Harvesting the rain
Using a rain barrel to collect water is a simple way to
use the power of showers when and where you need it
By Candace Renalls
Duluth News Tribune
Published September 4th, 2004
Growing up in a small Minnesota town in the 1970s, Jesse
Schomberg remembers his parents and grandparents using
rain barrels to collect runoff.
"I remember them being very common then," he
The use of rain barrels fell out of fashion, but now
Schomberg's mother is putting buckets under her gutters
again. And Jesse is joining the growing ranks of gardeners
who are using rain barrels.
"I'm really glad to see this trend," he said.
"It's good for our plants, good for our streams and
our lake, too."
By catching and storing runoff, rain barrels provide
water for gardens as nature intended -- unchlorinated,
and without lime and calcium. Moreover, rain barrels help
reduce polluted runoff into lakes and rivers.
Schomberg, who lives near the North Shore, has recently
set up three rain barrels at his home to catch runoff.
His house's steep-pitched roof forms sharp "Vs"
where rainwater funnels down into the barrels.
After a big rain, he goes out and takes a look at the
"It's worked out great," he said of his system
that doesn't use gutters or downspouts. "We get an
inch of rain and it fills up."
He got his first barrel in July from the city of Superior's
wastewater treatment plant. At $27, which includes the
hardware, it was a bargain. Such kits can retail for more
than $100 elsewhere.
A grant from the Duluth-Superior Community Foundation
has allowed the Superior Wastewater Treatment Plant to
offer the rain barrel kits to area residents for a reduced
fee. The kits include a 55-gallon recycled plastic food
grade barrel and parts to make a rain barrel that can
work with a modified downspout or catch free-falling water
as Schomberg's setup does.
When assembled, it has a spigot near the bottom to attach
a hose, a spigot halfway up for filling watering cans,
an overflow opening near the top and screened louvers
on top where water enters.
Before attending a recent workshop, Robert Trauba of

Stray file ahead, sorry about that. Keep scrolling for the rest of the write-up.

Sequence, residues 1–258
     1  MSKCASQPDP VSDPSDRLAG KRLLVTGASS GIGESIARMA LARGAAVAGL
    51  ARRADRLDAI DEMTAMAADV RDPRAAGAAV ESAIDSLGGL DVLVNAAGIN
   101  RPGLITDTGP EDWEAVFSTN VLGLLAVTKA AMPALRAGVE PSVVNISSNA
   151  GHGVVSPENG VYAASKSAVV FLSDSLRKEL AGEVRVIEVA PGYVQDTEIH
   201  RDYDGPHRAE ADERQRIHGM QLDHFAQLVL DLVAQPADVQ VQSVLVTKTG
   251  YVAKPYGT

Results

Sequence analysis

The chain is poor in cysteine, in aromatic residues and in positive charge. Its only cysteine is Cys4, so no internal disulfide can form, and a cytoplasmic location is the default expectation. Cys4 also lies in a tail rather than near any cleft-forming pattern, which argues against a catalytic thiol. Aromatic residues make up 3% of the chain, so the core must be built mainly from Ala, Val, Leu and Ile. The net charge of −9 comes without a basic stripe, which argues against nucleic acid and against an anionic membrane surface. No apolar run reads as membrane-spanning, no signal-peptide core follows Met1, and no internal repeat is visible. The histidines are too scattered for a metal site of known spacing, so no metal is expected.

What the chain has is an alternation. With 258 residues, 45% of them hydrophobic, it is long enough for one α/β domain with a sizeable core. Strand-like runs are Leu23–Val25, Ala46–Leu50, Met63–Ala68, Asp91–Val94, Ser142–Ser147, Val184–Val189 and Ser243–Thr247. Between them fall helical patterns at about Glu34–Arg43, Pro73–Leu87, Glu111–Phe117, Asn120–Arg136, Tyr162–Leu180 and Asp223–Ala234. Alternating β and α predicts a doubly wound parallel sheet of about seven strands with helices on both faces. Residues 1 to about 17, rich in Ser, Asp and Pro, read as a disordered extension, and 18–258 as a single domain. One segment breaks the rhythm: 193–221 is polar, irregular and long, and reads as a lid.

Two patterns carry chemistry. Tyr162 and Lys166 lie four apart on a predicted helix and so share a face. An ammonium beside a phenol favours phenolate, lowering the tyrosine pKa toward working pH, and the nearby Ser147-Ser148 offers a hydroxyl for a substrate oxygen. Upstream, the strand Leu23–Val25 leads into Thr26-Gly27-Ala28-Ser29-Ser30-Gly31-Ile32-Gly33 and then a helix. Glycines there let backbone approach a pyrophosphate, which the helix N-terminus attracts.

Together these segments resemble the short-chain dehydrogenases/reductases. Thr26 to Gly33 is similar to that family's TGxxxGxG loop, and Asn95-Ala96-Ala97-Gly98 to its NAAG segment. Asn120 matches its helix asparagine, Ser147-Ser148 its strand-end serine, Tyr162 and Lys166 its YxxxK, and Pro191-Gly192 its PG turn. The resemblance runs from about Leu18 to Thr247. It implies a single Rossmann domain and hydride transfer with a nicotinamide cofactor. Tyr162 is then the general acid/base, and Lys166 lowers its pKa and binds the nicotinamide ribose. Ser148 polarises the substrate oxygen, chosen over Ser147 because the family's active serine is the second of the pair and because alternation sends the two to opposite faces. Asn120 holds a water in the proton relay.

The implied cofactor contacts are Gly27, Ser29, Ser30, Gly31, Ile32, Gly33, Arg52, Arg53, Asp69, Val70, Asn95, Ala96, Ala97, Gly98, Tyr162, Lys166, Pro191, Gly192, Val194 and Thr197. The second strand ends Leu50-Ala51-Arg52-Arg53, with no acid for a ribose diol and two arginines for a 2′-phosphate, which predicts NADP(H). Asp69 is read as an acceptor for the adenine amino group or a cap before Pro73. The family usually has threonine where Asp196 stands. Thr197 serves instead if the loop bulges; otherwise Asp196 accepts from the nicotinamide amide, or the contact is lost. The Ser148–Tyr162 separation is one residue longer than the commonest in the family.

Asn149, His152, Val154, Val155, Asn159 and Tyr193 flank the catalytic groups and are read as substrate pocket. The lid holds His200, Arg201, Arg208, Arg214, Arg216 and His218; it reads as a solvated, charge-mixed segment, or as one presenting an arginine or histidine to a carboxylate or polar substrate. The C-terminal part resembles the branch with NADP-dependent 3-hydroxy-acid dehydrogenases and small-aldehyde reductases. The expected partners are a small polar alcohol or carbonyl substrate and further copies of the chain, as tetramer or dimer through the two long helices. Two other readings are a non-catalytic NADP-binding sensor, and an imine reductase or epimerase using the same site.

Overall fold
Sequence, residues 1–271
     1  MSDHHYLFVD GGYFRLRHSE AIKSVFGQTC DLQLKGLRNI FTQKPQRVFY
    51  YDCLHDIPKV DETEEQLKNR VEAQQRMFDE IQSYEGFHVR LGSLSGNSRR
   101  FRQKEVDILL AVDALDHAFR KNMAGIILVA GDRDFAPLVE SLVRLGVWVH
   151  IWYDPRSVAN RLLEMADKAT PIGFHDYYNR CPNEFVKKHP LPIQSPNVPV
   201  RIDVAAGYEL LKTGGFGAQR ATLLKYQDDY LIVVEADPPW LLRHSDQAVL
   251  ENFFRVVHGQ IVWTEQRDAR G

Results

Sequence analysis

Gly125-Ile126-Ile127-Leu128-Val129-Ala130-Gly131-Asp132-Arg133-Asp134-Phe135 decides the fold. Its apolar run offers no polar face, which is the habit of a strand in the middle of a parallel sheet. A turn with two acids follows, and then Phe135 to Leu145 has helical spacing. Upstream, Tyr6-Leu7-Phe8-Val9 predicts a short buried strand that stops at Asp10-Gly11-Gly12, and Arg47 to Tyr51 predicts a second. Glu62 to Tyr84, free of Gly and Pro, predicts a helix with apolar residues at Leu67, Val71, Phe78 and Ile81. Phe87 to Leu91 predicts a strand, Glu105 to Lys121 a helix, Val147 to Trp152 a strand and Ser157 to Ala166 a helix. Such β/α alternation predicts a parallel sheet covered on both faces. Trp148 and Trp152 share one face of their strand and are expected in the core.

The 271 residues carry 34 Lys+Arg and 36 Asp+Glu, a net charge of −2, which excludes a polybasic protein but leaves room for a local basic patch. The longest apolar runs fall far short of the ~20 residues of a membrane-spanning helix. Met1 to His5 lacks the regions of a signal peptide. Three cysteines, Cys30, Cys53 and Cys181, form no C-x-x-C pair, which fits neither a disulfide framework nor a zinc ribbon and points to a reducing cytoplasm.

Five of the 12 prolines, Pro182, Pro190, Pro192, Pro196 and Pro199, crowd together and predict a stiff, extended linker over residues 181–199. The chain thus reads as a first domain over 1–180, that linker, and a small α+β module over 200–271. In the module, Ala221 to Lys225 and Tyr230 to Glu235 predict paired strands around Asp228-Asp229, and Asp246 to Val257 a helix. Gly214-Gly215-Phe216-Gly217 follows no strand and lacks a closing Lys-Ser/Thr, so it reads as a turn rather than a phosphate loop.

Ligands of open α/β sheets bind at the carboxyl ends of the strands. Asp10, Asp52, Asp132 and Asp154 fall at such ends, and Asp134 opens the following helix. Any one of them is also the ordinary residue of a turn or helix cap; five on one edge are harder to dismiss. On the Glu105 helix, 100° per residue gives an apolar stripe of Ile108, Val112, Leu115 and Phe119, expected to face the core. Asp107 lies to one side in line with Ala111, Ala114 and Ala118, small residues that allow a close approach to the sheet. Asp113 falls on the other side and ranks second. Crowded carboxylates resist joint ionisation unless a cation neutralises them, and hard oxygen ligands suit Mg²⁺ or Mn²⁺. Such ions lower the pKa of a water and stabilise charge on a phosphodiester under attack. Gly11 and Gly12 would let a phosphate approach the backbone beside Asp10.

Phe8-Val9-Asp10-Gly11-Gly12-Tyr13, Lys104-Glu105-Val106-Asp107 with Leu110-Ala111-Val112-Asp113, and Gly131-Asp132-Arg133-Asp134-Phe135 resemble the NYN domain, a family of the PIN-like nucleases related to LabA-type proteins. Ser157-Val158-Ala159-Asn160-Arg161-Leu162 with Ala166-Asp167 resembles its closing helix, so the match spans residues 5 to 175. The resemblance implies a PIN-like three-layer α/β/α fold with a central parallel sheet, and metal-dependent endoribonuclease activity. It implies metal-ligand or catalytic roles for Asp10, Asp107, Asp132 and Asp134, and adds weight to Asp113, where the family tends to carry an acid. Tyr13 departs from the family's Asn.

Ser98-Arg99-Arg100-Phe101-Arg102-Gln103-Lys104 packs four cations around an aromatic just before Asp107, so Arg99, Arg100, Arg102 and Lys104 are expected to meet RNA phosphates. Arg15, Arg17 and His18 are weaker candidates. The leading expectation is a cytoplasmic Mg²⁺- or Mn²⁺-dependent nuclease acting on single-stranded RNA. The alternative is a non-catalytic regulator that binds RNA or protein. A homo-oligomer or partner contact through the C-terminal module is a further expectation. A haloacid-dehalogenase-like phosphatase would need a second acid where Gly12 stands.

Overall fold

Superior had been catching rainwater at his lake property
with an open barrel.
"I believe in these very much," Trauba said
as he assembled his rain barrel. "You can use any
barrel, but you don't have the convenience of all these
features, like the spigots."
He likes the features so much, he's planning on getting
Those who buy a kit can put it together on their own
or attend a workshop where staff help them assemble the
rain barrel. With workshops this summer, at least half
of the 250 barrel kits have been given out. Another shipment
of more than 100 barrels for kits is expected next spring.
Schomberg got two barrels from the program and fashioned
a third rain barrel out of a plastic food grade barrel
and parts he had on hand. He has a soaker hose attached
to one rain barrel that waters gardens under his home's
eaves where the soil would otherwise be sandy and dry.
"It takes a couple of days to empty," he said
of a full barrel of water.
Besides providing clean, free water for his gardens,
Schomberg got rain barrels to help reduce the harmful
effects of polluted runoff into Lake Superior.
When stormwater runs over streets and other impervious
surfaces, it becomes polluted with oil, dirt, pet waste,
pesticides, fertilizer, gravel and trash. The polluted
runoff flows into storm drain systems, which can flow
directly into lakes and rivers.
Rain barrels reduce that polluted runoff as well as help
relieve the burden on wastewater treatment facilities
during heavy rains.
At the workshops, research assistant Charlene Johnson
tells participants that major rainfalls of more than an
inch of rain occur, on average, seven days a year in Superior.
And for every inch of water that falls on a 1,000-square-foot
roof area, 600 gallons of water can be collected.
Judy Palen of Duluth had no problem putting together
her rain barrel. She planned to use hers to catch runoff
over the doors and windows of her mobile home. She would
hook the barrel up to an outdoor shower and also use some
of the rainwater for her gardens.
Her daughter, Amy Darker of Superior, also got a rain
barrel. She hopes it will solve her wet basement problem.
"I have a leaky basement," she said. "I'm
trying to dry it off, get the water from seeping in and
divert it away from the house."
Some people, like Milton Radjenovich of Buhl, have been
using rain barrels most of their lives.
Radjenovich, 81, has been using a converted 280-gallon
fuel oil tank and a square 300-gallon steel tank to catch
rainwater runoff for decades.
He has faucets at the bottom of each tank for filling
water jugs. With the water collected from downspouts on
his garage, he waters his entire 21-by-50-foot vegetable
garden every three days or so.
That takes a lot of water and the rain barrels help him
do it in a way that conserves water.
There's another advantage: it keeps his water bills down
in the summer, he says.
CANDACE RENALLS is at (218) 723-5329 or e-mail: firstname.lastname@example.org.